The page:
What could be more pleasant than an outing to Chantry Island lighthouse, with sunhats, the kids and the Chantry Island flag? It's a spot imbued with history. Ever since the lighthouse beacon first shone in 1859, it has guided sailors past treacherous shoals and into safe harbour. Duncan Lambert and his son William kept the light until 1907 and are credited with many rescues of shipwrecked mariners. An army of volunteers from the Marine Heritage Society has restored the lighthouse, the keeper's quarters and the boathouse. Today you may take your sunhat and the kids on a boat tour to the island, just like a century ago, ascend the 86-foot tower and enjoy the view of the island and its bird sanctuary.

June 2008 - Beach - life-saving station
The charms of the beach at Southampton draw residents and visitors alike. But lurking offshore are shoals where many a mariner has come to grief. A century ago it was agreed that a "first-class life boat" was needed because of "frequent accidents occurring to vessels on our coast." And so the government life-saving station (inset) was built on the beach in 1908, near the foot of Palmerston St. It had a 100-foot runway for launching the 27-foot lifeboat. In 1918 the station was moved on rollers from the beach onto the Long Dock, several hundred yards out from shore. It fell into disrepair and was closed in 1937 and then moved ashore, where it is now a handsome house at 20 Beach Street.

July 2008 - High Street
A parade through downtown Southampton -- perhaps on July 1 -- is so popular that there seems to be more participants than onlookers. Unusual among Ontario towns, Southampton's main business street is not called Main Street, but High Street, in the British fashion. The 1851 town plan called for notably wide streets, including a principal street 150 feet wide. Not only is there room for angle parking, but if the occasional delivery truck should unload in the middle of the street, the traffic flows about it on either side.

August 2008 - Beach - willow tree
The beach at Southampton has always been an integral part of the town and a major attraction for generations of cottagers and residents, not forgetting the thousands of summer visitors ... tourism is a mainstay of the local economy. Southampton's unspoiled sandy beach stretches for kilometers, backed by sand dunes and native dune grass. The beach features many benches along the boardwalk, for contemplation of Chantry Island and its restored Lighthouse and Keeper's Quarters. It's the perfect setting for a romantic stroll, a leisurely swim, tanning or building sandcastles. Experience the lovely view from a kayak or canoe, cast a line and fish for salmon, or photograph the sunset.

September 2008 - Sunsets
Take one golden beach facing west, add one sun sinking into Huron blue, sprinkle a few sparkles of Southampton magic, and, presto, the perfect sunset. Subject of thousands of photographs over the years, Southampton sunsets are reputed to be among the most beautiful in the world. So say yes when you hear that invitation, "The sun's setting ... let's go down to the beach!". Thousands of photographers can't be wrong.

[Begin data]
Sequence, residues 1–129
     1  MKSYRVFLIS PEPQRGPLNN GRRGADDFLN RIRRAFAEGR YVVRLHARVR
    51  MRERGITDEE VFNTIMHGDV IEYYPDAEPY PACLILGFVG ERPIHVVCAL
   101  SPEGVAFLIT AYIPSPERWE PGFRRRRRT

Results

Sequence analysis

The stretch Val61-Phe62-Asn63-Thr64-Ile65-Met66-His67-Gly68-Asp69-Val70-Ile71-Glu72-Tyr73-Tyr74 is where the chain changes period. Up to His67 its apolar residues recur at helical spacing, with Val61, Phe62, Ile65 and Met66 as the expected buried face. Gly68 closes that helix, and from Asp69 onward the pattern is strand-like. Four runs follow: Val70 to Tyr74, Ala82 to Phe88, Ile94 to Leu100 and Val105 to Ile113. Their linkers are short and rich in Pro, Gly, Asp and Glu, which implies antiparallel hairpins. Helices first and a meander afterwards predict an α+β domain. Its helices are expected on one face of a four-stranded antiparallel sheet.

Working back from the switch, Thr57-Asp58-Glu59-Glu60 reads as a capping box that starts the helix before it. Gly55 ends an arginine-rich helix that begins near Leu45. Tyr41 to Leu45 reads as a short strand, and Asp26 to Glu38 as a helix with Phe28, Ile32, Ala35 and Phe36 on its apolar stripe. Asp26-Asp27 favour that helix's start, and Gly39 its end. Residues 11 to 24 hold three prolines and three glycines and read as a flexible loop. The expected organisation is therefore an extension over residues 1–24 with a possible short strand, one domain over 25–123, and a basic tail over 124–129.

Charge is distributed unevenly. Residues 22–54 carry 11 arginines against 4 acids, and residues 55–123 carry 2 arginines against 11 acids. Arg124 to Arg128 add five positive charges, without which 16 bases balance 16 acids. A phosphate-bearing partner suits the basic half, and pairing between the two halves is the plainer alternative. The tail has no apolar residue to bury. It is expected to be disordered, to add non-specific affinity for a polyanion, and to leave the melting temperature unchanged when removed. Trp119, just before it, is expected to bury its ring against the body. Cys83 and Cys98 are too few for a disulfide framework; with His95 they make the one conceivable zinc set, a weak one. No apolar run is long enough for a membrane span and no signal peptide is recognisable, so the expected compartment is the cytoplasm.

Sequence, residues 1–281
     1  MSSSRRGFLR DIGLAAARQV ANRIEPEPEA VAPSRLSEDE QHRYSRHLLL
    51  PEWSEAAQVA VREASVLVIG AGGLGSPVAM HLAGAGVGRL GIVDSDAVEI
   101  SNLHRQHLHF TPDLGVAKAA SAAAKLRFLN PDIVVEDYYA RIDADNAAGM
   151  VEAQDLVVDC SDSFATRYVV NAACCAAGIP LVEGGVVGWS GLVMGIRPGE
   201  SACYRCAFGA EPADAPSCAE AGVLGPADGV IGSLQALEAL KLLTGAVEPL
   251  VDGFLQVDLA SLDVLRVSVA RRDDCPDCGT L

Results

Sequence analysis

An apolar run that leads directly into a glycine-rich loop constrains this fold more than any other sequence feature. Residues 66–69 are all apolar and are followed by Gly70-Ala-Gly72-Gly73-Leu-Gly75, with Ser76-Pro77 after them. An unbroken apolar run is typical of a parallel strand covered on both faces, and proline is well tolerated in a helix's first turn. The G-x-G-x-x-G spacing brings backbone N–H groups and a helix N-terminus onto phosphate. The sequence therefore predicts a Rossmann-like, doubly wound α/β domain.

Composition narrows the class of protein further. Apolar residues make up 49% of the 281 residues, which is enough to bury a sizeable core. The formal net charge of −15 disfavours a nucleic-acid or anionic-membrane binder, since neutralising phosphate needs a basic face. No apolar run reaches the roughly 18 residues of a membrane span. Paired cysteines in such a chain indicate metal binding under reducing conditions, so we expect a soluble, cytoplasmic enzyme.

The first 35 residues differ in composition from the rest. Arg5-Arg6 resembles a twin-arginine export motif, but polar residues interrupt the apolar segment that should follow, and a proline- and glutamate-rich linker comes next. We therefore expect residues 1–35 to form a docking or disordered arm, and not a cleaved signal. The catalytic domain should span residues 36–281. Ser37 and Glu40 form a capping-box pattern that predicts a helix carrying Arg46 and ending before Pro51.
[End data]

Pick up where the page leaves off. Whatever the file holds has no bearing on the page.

October 2008 - Bridges
A fine bridge carries Highway 21 over the Saugeen River, linking the two parts of Southampton. Previous spans had their ups and downs. A bridge at Denny's Dam was built in 1865 but spring floods were its undoing many times. It was washed out in 1907 and rebuilt in 1908. In 1909 an abutment washed away and the bridge was closed for repairs. In April 1912 floods took out one span. To bring more trade into downtown, a second bridge was built downriver from the dam in 1889, at Victoria Street (inset). In 1909 that bridge was judged unsafe and repairs began. In April 1912 it fell into the river. From April to June 1912 the town had no bridge at all; punts were used.

November 2008 - Boardwalk
A coloured postcard view of the boardwalk along Southampton's beach, looking north toward Palmerston St., shows that electricity has arrived. Visible at left is the government life-saving station, built in 1908, with its long ramp running down into the water. For strolling, people-watching and sunset-viewing, the boardwalk is ideal. It started life as a wooden walkway in 1895, but the planks squeaked considerably, it is said. The townspeople replaced it with a concrete walk in 1906, thanks to the proceeds from an amateur production of a Gilbert and Sullivan opera, which explains why people for years afterward called the promenade The Pinafore.

December 2008 - Sports, Winter

Men's Hockey, 1921-22
Top: W. Howke, M. McIver, B. Stevenson, V. McLellan, F. Wilson, J. Campbell
Bottom: A. Huber, R. Knowles, K. Matheson, R. Trelford, O. McKaney

Men's Curling, 1906
The winning rink at the 1906 Owen Sound Bonspiel.

Boys' Hockey, 1948-49
First championship to Southampton in 15 years.
Top: James Rourke, Max Davies, Bill Rourke, Doug Huber, Ab Rourke, Larry Smith
Middle: Allan Brown, Art Knechtel, Bob Shultz, Joe Longe, Dick Wentworth, Art Eby, Gordon Walmsley
Bottom: Jim Mahon

More links
 Southampton, Then and Now: historical calendar
 See the summary of Important dates in Southampton history (1816 to 1993).
 The news release announces publication of the calendar.
 Top Ten Things You Won't Know About Southampton
   ... Unless You Get The 150th Anniversary Calendar

 The people on the 150th Anniversary organizing committee are all volunteers.
 See the online list of 150th anniversary events, or pick up the Events Flyer at the Chamber of Commerce and at various locations around Southampton.


Southampton 150th   Southampton 150th Anniversary